AKA pledges to keep helping others

Published 12:00 am Sunday, February 24, 2008

The Selma Times-Journal

The president-elect of Alpha Kappa Alpha Sorority, Inc., pledged Saturday the organization would continue its outreach to persons in need around the world. Carolyn House Stewart, a Tampa, Fla., attorney, was the guest speaker in Selma for the Zeta Eta Omega Chapter’s Centennial founder’s day luncheon. She said she felt honored to walk where history was made that shaped America and vowed her sorority would continue its service to all mankind.

“Alpha Kappa Alpha has a spiritual base,” Stewart told the more than 200 in attendance at the Carl Morgan Convention Center. “Love thy neighbor as thyself, and to render unto the least of these.”

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Stewart encouraged those in attendance to celebrate their pasts and embrace the future. She asked her sorors to take time out to really know their founders, who did not leave financial wealth to their organization.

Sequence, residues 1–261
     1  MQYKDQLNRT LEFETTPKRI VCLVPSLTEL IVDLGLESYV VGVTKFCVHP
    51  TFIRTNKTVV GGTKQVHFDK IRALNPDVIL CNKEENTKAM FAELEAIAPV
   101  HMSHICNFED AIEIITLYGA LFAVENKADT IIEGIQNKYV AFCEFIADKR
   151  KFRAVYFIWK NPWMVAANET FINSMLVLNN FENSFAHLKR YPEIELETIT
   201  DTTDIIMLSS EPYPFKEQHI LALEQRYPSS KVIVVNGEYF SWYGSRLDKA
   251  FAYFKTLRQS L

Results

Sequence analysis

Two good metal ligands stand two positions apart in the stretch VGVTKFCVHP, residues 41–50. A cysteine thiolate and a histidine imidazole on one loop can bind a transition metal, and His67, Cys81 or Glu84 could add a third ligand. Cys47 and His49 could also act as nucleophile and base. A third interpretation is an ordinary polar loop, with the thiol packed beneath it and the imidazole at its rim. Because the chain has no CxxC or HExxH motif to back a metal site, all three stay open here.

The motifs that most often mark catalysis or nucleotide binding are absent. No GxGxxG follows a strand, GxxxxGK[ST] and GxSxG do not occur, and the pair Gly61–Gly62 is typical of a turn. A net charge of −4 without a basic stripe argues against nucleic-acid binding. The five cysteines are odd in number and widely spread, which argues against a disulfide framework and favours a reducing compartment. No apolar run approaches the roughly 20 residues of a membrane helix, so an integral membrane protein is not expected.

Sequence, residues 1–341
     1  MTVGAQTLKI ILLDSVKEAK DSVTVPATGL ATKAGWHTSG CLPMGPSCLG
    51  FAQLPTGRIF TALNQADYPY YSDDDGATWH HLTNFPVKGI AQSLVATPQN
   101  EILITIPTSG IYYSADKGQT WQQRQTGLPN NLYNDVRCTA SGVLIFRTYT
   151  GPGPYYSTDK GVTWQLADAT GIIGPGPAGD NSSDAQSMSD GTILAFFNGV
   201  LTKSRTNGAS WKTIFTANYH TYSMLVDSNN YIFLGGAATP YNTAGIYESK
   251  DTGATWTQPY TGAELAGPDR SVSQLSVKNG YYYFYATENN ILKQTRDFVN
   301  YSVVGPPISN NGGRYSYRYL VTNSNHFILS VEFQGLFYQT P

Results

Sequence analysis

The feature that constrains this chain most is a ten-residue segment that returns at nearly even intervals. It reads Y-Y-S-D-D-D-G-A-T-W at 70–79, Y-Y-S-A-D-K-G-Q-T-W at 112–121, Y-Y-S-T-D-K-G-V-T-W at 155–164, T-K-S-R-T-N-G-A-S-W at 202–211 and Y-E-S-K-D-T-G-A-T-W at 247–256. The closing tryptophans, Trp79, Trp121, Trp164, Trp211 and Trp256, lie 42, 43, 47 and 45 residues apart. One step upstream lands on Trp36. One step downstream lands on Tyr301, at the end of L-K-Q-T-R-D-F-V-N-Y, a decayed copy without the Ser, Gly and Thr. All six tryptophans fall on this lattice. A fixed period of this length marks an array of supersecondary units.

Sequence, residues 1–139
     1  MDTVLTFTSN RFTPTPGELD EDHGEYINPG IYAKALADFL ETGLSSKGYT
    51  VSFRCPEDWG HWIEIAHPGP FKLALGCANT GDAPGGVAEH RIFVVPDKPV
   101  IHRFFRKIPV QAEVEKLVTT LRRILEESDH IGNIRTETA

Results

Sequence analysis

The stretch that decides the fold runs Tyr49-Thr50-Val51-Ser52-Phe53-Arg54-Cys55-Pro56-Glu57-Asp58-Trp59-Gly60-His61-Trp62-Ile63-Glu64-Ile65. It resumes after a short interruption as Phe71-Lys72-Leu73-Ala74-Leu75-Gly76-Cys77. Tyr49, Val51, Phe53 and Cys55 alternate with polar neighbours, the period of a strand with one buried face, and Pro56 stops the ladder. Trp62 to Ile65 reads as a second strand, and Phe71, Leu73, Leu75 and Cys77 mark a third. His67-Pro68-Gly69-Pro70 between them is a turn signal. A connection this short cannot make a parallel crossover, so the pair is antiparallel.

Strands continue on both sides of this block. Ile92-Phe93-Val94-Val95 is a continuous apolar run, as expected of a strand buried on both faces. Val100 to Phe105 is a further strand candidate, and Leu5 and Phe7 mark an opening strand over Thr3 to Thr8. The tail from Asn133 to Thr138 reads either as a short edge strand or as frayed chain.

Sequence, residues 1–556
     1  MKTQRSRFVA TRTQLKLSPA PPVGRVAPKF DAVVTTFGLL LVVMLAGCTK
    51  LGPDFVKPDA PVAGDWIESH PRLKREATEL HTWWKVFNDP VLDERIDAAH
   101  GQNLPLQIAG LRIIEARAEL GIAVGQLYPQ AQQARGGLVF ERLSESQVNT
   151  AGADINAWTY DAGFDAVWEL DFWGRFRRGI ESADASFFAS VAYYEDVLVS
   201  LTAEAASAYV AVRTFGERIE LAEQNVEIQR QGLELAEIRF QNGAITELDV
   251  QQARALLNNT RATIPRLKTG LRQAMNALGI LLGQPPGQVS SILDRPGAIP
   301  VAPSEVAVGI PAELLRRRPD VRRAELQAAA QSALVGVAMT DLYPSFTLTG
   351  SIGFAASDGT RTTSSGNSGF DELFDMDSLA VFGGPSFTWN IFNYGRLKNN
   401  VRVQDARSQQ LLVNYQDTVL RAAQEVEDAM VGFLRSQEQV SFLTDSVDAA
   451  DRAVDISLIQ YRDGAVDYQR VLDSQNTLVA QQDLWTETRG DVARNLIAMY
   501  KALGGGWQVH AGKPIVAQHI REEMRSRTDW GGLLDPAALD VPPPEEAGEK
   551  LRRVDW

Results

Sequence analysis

“One of the founders, Harriet Terry, taught at Alabama A&M University in Huntsville for 37 years,” Stewart said. “They knew education was a form of wealth.” The first of Greek letter organizations for African American women is celebrating its founding 100 years ago on the campus of Howard University in Washington, D.C. The local chapter of AKA was incorporated in 1954. The organization now has more than 200,000 members worldwide. During the celebration there were five Centennial honorees: Dr. James Mitchell, president of Wallace Community College Selma; Dr. Verdell Lett-Dawson, interim superintendent, Selma City Schools; Dr. Fannie Major-McKenzie, superintendent, Dallas County Schools; Dallas County Commissioner Curtis Williams; and Selma City Councilwoman Jean T. Martin. There were two $500 scholarships presented to Candice Pettaway and Robert Stewart. Presentations were also made for $1,000 to the National Voting Rights Museum & Institute, and $500 awards presented to representatives for Wallace Community College Selma, Concordia College and Selma University.